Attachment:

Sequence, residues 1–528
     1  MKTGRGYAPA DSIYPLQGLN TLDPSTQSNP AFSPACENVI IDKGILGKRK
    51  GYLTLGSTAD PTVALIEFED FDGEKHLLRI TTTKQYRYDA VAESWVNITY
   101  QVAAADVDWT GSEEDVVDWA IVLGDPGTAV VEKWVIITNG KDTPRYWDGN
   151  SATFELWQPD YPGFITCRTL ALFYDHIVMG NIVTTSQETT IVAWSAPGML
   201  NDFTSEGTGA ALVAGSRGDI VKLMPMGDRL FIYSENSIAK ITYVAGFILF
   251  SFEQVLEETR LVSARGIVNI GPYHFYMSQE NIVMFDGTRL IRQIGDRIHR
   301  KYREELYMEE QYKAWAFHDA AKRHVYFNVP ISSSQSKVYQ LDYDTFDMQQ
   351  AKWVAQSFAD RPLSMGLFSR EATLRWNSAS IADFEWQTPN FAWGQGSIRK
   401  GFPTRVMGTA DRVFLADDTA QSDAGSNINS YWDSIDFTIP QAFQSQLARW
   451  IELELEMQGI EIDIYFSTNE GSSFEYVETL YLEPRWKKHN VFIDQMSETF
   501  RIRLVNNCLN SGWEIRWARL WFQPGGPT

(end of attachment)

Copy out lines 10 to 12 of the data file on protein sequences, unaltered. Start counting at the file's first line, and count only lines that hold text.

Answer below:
   401  GFPTRVMGTA DRVFLADDTA QSDAGSNINS YWDSIDFTIP QAFQSQLARW
   451  IELELEMQGI EIDIYFSTNE GSSFEYVETL YLEPRWKKHN VFIDQMSETF
   501  RIRLVNNCLN SGWEIRWARL WFQPGGPT